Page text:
What’s the deal with mooncakes and the Mid-Autumn Festival?

Mooncakes and the Mid-Autumn Festival: one doesn’t go without the other. (Credit: Wee Keat Chin/ Flickr)

If you’ve been to an Asian supermarket recently, you might have noticed exquisitely designed boxes of mooncakes occupying rows of shelves in one section of the store. Make no mistake: it’s mooncake season; which means these baked goodies are only here to grace us with their presence for a limited time before they disappear for another year or so.

What’s the occasion? Why are mooncakes so important at this time of the year? Let us fill you in on what the deal is with them!

Mooncakes with flaky crusts like these are very popular in Taiwan. (Credit: Joy/ Flickr)

Mooncakes: When things come full circle

Mooncakes are a hallmark of the Mid-Autumn Festival, which falls on the 15th day of the eighth month of the lunar calendar. That’s on 13 September in the Gregorian calendar this year. The moon is at its fullest and roundest on this day and the festival is celebrated across East Asia as well as in Chinese and Vietnamese communities in Southeast Asia. It signifies the end of the autumn harvest, just like how Erntedankfest and Thanksgiving are observed in Germany and the USA respectively.

The Chinese believe that a round shape is a metaphor for harmony and completeness, which explains why family members reunite during the Mid-Autumn Festival to eat and share mooncakes with one another. They’re also popular gifts among friends, relatives, and business partners when the season hits.

Because mooncakes tend to be high in calories, they’re usually washed down with Chinese oolong teas such as Da Hong Pao or Tie Guan Yin to balance out their richness. (Credit: Wee Keat Chin/ Flickr)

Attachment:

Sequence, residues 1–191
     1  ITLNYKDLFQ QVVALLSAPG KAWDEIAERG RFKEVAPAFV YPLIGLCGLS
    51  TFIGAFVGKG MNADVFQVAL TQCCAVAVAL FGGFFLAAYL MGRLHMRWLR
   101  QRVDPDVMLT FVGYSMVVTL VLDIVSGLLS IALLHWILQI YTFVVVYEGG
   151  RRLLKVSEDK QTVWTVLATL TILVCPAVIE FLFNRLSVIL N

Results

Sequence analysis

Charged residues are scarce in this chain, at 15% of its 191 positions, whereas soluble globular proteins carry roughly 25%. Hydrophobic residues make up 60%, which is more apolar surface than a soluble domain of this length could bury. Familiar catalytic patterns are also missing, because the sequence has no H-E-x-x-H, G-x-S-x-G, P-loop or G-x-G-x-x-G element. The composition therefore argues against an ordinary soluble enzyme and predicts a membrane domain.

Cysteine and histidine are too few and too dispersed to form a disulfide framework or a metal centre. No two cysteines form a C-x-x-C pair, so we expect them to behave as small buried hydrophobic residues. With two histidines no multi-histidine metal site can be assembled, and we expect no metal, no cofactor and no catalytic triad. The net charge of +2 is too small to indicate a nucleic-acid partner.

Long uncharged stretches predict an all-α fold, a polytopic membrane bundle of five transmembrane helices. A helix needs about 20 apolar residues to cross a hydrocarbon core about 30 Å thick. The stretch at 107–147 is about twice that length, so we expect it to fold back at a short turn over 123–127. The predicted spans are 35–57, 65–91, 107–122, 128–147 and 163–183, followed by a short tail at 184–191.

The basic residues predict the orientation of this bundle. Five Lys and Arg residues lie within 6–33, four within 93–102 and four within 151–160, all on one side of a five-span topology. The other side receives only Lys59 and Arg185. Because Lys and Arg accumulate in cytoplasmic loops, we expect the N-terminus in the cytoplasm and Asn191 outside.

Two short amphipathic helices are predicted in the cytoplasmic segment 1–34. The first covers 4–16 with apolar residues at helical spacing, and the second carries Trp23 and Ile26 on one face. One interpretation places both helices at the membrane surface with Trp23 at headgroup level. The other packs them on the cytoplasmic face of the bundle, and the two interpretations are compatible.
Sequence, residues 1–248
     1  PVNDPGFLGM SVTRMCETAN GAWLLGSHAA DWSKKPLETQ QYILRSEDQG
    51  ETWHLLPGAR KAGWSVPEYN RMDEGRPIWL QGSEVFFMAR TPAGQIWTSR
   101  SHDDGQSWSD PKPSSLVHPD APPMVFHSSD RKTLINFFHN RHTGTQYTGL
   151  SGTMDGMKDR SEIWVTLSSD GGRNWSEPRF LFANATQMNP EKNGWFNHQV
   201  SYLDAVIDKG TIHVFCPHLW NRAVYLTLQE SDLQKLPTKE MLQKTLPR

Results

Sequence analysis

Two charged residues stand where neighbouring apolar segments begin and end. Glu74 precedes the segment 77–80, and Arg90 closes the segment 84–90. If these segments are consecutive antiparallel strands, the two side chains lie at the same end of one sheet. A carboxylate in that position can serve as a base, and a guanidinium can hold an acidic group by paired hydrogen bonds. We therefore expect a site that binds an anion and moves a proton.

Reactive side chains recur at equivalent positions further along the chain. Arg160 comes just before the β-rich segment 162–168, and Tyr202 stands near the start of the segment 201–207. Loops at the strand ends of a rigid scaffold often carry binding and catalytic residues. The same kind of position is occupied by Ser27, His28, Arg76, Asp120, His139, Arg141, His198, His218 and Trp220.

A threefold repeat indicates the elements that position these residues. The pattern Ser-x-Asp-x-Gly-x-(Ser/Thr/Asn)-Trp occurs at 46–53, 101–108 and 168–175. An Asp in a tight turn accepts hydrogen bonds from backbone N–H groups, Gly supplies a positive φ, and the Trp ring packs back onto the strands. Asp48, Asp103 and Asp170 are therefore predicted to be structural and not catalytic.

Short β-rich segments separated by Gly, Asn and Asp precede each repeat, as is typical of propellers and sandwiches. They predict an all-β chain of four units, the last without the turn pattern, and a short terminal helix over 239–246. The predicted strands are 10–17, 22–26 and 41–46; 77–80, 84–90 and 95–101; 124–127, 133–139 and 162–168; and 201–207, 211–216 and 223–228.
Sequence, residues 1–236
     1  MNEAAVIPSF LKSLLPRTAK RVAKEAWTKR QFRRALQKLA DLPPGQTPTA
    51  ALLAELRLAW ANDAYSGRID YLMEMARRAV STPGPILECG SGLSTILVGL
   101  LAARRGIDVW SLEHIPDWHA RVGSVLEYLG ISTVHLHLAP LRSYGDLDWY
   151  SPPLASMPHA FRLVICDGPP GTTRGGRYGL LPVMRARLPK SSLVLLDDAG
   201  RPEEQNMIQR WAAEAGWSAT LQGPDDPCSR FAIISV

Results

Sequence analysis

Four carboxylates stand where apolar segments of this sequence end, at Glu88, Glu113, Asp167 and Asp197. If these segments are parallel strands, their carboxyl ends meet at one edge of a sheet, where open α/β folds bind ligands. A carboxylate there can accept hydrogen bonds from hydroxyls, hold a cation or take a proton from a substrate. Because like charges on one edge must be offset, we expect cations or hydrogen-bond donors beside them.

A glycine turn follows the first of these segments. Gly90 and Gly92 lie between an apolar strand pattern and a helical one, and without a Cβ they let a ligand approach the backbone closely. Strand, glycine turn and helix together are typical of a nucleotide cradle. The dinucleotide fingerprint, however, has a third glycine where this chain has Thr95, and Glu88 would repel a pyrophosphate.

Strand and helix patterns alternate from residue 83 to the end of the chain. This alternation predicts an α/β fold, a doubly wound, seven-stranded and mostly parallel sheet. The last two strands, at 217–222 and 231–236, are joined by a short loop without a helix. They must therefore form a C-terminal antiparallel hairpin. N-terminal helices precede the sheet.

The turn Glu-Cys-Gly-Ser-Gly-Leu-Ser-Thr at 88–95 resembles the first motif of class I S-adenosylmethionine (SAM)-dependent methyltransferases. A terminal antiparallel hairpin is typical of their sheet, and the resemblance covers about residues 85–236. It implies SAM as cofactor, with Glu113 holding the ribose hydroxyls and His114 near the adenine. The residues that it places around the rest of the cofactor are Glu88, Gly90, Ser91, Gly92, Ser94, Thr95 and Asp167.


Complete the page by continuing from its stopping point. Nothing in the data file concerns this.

The evolution of mooncakes 

Traditional mooncakes are round, palm-sized baked treats with a chewy or flaky exterior. They’re typically filled with lotus bean, red bean, or mung bean pastes; and may come with one or two salted egg duck yolks (which represent the full moon), or nuts, seeds, or salted pork in the centre. Quite simply, their taste can be described as sweet on the inside, savoury on the outside.

As time goes by, consumers’ preferences have evolved to seek novelty, which means mooncake producers have had to innovate to keep up with their demands. These days, it’s not unusual to see mooncakes in contemporary and exciting flavours including matcha (green tea), taro, or even with a shot of whisky.

These snow skin mooncakes are almost too pretty to eat! (Credit: lr175/ Flickr)

New forms of mooncakes, too, have been introduced; such as the well sought-after no-bake variant made out of glutinous rice, better known as ‘snow skin’. Snow skin mooncakes have a similar texture to mochi (a type of Japanese rice cakes) and are kept in the freezer before they’re thawed in the refrigerator and served cold.


No matter which part of the world you may be at on this day, the team at Easy Cook Asia wishes you a very happy Mid-Autumn Festival! If you’ve tried mooncakes or are celebrating it in some way this year, why not leave us a comment to tell us about it?

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